Pilots soar into history as Manitoba's 1st female Indigenous medevac team
Shlachetka and Beardy honoured by attention and hope it encourages other women to follow their path
They're named after birds, so maybe it's no surprise that Raven Beardy and Robyn Shlachetka fly for a living, but they've reached heights neither expected.
The two women pilots made Manitoba history this week when they became the province's first female Indigenous medevac team.
"It's fantastic. It's proving that women can do anything," said Shlachetka, a captain with Missinippi Airways. "It doesn't matter if being a pilot was a male-dominated career … young Indigenous women can see that this is not impossible.
"They can do anything they want."
The 32-year-old has been flying for 15 years but had never met another female Indigenous pilot before Beardy, who started flying five years ago.
On Monday, the pair worked together for the first time. They typically had alternate shifts, and Beardy, 27, was supposed to be off duty but was offered some overtime.
"It was totally by chance that it all happened," said Shlachetka.
Recognizing the significance of their shift, the women posed for a photo in the plane's cockpit. Shlachetka then sent it to her mom, not realizing it would get posted on Facebook. By Thursday morning, the photo had been shared nearly 12,000 times.
"I'm overwhelmed. I'm definitely overwhelmed. We didn't expect this kind of reaction," Shlachetka said.
"It feels great," Beardy said. "It's super exciting."
It wasn't until Wednesday that the women heard the photo and their story was going viral on social media. Their 13-hour shifts in remote areas gave them little time or connection to check on anything.
"We've been doing nothing but flying and sleeping, so we had no clue what was going on," Shlachetka said.
The women say they are honoured by the attention and hope it encourages others to follow their path.
"Women in aviation — it's a pretty lonely thing. We're pretty sparse in the industry," Shlachetka said. "I really wish there was a lot more."
'Aviation is a lifeline'
Missinippi, based in The Pas, serves First Nations communities in northern Manitoba, Saskatchewan, Ontario and Nunavut.
Growing up in one of those remote communities, where access is often only by air, Beardy was fascinated by the planes and admired the pilots who flew them.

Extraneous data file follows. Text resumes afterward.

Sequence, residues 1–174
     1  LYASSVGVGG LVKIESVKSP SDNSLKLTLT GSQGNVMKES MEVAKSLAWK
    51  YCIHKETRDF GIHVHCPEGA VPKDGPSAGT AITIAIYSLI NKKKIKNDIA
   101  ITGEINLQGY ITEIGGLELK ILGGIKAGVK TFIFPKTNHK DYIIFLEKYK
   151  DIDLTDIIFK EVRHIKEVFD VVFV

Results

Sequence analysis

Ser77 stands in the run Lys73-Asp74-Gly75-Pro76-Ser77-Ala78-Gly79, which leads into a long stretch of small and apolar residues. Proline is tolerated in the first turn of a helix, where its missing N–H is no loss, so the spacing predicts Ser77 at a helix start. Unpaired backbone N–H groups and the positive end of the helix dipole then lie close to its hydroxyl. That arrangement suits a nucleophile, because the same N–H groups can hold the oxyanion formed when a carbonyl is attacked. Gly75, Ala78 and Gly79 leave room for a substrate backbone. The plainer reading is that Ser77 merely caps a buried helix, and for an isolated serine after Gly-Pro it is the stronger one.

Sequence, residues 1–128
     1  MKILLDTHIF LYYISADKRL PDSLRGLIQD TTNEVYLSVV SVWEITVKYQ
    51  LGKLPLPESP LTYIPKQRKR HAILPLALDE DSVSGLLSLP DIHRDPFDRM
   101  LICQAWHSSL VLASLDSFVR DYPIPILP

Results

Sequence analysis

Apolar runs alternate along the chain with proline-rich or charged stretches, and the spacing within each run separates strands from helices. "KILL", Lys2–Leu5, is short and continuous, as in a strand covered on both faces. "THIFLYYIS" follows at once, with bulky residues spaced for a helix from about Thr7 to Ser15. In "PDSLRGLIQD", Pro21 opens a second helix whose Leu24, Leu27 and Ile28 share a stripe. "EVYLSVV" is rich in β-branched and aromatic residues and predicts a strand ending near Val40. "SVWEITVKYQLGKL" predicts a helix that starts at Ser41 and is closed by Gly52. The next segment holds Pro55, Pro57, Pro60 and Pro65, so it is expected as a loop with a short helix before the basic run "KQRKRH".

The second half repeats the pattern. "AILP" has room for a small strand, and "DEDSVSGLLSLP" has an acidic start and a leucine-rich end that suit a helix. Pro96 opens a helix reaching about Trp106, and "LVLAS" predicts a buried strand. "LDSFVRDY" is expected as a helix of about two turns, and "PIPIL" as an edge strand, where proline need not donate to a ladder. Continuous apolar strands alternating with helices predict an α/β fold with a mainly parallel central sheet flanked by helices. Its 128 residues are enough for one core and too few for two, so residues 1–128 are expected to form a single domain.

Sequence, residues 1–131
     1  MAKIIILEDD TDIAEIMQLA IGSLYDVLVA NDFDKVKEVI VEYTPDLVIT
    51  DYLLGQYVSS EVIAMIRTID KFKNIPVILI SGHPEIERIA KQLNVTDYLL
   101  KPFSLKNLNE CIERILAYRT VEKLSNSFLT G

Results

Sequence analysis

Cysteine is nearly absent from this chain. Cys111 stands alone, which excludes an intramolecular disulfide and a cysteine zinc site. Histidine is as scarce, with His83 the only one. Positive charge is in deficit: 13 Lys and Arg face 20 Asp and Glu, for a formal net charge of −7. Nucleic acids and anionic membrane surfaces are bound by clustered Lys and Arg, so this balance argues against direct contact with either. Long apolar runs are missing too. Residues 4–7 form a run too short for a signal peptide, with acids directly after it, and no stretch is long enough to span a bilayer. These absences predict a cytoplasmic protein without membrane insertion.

"Aviation is a lifeline and I wanted to be part of that," she said.
She once required a medical flight out of her community, Shamattawa, not far from Hudson Bay, due to an appendix issue.
For Shlachetka, who grew up in Wabowden, about 570 kilometres north of Winnipeg, there was never any doubt she would fly.
She first set foot on an aircraft at age four, tagging along with her dad, who was a float plane pilot.
"I used to follow him all the time, so I've grown up around the docks and planes and flying," she said, adding she would study what he was doing.
"Originally, I was going to be a float pilot, but it's a little hard to maintain that kind of life when we have eight months of winter, so I decided to go all the way with my licence."
'Be fearless and unapologetic'
When she was finishing flight school, Shlachetka mentioned to her dad that she didn't know of many female pilots, never mind Indigenous ones.
"They hadn't hit the news, they hadn't hit the Internet. I literally heard about no one," she said. "He said, 'Robyn, if you can't find a role model, just become one.' So that's what my goal was."
He said, "Robyn, if you can't find a role model, just become one." So that's what my goal was.- Robyn Shlachetka
Asked what kind of advice she would give to girls and women who want to pursue the same career, Beardy said be strong and determined.
"Go for it. Stay focused. Work hard and don't give up," she said. "Like anyone, you're going to face struggles, but there are people out there, too, who are willing to help out.
"And if anyone wants to talk to me, I'm here for them."
Shlachetka echoed that, noting that when she was much younger and told people she wanted to be a pilot, they scoffed. They told her it couldn't happen because she was a girl.
But her parents — like Beardy's parents — were her biggest supporters, encouraging her every step along the way. Shlachetka is now trying to do the same for young people she encounters.
She tells her daughters to be whatever they want, to "be fearless and unapologetic and just do it."
With files from Marcy Markusa and Meaghan Ketcheson